C. diff follows what clinicians refer to as the 20-40-60 rule: contracting C. diff once renders a person 20% more likely to get the infection a second time. With each subsequent recurring infection, the risk increases to 40% and 60%, and symptoms become increasingly severe. Patients are typically treated with specific antibiotics, but those patients with recurring infections usually find that once the round of antibiotics are complete, the infection returns. Researchers believe that recurring infections are indicative that microbial imbalances are never properly restored, allowing C. diff to easily establish itself again. Indeed, inducing microbial imbalances through the prolonged use of certain antibiotics has been implicated as a risk factor for contracting an initial infection, as some antibiotics can wipe out good bacteria, giving C. diffthe opportunity to colonize the intestine.
The cost of antibiotic treatment is staggering, especially given the likelihood of recurrent infections. This is to say nothing of the emotional and physical pain facing patients living withC. diff infections. Estimates suggest that in 2012, there were over 37,000 cases of C. diff in Canada, with a socio-economic price-tag of over 280 million dollars. Management of this disease has proven exceptionally challenging for physicians, as current treatments are falling short. Therapies with long-lasting effects are needed, and researchers believe that requires the restoration of microbial balance in the gut. But how can you get back the good bacteria, to keep the bad ones at bay?
The use of fecal microbiota transplant as a therapy was first reported in the scientific literature in 1958. Sporadic case reports involving this curious therapy were published since then, but it was not until 2011 that a group of researchers at McGill University in Quebec, led by Dr. Amee Manges, published a systematic review in Clinical Infectious Diseases that examined all known case reports involving this type of therapy. The study included a total of 27 previously published case reports involving over 300 patients with recurring C. diff infections. Dr. Manges reported that in an astonishing 92% of cases, patients receiving fecal transplants had resolution of disease. The need for properly controlled trials that compared the effects of fecal transplant therapy with standard antibiotic treatment were clearly needed.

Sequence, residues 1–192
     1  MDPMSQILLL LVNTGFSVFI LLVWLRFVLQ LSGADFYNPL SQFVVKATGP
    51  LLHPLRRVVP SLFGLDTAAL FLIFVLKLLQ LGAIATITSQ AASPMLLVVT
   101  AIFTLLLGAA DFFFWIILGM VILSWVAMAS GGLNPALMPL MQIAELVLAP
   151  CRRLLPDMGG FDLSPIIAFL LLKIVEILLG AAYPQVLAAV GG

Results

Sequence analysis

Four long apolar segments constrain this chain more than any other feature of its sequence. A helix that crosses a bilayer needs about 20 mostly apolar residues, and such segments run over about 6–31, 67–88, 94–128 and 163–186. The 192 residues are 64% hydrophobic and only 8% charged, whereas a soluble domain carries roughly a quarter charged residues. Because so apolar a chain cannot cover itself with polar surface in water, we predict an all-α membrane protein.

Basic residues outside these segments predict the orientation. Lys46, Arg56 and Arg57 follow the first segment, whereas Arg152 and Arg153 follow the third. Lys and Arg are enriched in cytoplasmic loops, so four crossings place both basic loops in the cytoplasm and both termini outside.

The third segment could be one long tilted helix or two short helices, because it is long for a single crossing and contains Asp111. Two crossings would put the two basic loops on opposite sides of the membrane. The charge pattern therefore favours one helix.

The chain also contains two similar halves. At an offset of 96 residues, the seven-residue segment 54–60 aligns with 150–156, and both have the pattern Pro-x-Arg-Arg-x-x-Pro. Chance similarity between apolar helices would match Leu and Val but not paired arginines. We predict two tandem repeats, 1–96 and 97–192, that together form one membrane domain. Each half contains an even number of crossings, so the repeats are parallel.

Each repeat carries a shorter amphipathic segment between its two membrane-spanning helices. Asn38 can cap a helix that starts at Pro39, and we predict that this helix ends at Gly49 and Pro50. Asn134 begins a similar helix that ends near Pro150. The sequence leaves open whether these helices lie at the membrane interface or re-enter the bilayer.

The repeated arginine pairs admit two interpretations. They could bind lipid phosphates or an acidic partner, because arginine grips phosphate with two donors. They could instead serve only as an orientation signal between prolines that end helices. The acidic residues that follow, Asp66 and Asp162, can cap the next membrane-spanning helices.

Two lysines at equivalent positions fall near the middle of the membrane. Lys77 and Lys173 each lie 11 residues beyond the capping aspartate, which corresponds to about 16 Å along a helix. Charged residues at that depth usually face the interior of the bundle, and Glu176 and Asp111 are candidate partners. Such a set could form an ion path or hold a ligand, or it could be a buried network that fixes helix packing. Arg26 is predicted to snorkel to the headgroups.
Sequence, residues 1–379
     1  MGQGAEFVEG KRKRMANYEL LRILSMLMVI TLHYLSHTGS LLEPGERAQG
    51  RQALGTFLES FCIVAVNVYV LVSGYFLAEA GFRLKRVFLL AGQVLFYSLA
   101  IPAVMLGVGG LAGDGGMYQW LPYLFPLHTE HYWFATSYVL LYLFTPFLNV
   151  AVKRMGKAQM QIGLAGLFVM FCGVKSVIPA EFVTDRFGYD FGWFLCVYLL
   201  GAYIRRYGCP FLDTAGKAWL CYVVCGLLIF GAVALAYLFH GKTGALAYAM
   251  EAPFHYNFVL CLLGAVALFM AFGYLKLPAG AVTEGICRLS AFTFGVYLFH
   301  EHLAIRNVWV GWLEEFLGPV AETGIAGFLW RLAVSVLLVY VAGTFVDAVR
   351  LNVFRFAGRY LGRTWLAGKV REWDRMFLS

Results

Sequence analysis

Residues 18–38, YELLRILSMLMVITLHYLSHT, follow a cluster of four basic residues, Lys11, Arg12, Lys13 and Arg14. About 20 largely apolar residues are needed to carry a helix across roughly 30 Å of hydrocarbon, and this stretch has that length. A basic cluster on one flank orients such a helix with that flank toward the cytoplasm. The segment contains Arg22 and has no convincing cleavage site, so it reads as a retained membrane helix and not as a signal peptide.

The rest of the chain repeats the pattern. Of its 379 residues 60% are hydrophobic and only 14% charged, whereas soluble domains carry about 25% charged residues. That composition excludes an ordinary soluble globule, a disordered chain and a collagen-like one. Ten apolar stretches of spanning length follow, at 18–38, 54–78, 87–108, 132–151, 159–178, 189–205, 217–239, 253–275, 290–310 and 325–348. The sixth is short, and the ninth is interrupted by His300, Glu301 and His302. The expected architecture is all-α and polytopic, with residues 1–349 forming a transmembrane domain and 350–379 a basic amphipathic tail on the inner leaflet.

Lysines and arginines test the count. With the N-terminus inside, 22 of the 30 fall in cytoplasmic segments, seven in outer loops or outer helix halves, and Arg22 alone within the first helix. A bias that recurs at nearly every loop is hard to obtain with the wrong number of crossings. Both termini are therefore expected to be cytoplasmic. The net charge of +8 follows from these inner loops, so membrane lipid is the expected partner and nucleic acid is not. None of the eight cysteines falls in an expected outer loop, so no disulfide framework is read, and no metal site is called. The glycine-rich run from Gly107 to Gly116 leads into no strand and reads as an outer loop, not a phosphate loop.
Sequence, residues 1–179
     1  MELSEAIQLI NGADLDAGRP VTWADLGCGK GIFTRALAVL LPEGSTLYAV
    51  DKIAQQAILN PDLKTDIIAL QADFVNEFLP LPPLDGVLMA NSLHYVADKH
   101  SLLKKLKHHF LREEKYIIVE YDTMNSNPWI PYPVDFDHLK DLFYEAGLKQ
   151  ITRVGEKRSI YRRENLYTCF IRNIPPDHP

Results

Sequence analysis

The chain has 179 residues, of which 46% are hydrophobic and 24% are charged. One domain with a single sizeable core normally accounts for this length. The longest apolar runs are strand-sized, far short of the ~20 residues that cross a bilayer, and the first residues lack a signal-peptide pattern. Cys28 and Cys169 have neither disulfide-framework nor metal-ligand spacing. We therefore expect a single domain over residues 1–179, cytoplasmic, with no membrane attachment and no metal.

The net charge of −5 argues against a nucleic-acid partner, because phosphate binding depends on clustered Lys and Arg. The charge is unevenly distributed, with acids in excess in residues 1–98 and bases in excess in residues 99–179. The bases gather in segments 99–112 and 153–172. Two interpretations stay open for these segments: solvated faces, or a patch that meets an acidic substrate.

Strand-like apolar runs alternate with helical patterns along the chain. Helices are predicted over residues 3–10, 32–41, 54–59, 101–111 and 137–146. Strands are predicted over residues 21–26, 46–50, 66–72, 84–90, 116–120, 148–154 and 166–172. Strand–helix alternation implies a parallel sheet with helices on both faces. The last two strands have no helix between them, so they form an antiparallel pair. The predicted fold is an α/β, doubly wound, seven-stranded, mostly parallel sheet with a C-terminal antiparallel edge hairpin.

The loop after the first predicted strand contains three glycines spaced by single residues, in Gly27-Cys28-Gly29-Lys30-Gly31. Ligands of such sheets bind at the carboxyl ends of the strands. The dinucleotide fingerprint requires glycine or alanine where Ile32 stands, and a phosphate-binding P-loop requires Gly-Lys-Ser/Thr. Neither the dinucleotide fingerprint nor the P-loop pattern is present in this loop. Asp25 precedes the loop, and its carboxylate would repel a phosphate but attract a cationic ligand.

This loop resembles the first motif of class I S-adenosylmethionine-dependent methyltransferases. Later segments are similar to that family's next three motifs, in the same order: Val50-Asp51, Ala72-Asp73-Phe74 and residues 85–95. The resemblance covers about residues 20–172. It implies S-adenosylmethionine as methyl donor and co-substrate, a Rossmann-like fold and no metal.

In 2013, the first randomly controlled trial was published in the New England Journal of Medicine by a group of researchers from the Netherlands and Finland, led by Dr. Josbert Keller. Feces were collected from multiple donors, diluted and strained, and a single fecal infusion was delivered to one group of patients with recurring C. diff infections, while a second group received the standard antibiotic treatment. Ten weeks later, physicians unaware of treatment groups assessed the patients for disease. They reported that 94% of the patients receiving fecal microbiota transplants -including two patients that required a second infusion of feces- were cured. Less that one third (31%) of the patients that received standard antibiotic treatment had resolution of their disease.
Recently, as reported in Microbiome in 2013, the synthetic stool produced by Dr. Allen-Vercoe’s Robogut was tested in two patients with recurring C. diff, and both patients were cured. Moreover, the researchers confirmed their hypothesis: that synthetic stool treatment resulted in an altered microbiome in patients that was maintained even 6 months after initial treatment. This technology paves the way for the production of reproducible batches of microbiota, and the identification of which bacteria, or which combination of bacteria, can restore microbial balance in the gut.
Delvoye used his synthetic digestive machine to explore the futility of the human condition. But futility, it seems, is a matter of perspective; Robogut’s synthetic stool explores the utility of gut bacteria as a treatment. While the synthetic production of poop likely appears a worthless enterprise to most of the population, Robogut’s output represents liquid gold to scientists, generating species of bacteria that have never before been cultured in a lab. The potential benefits of these bacteria are not limited to recurring C. diff infections; researchers see hope for treatment in a wide range of gut diseases including ulcerative colitis, Crohn’s disease, and irritable bowel syndrome. And to the millions of people that suffer such chronic diseases, such an endeavor is anything but futile.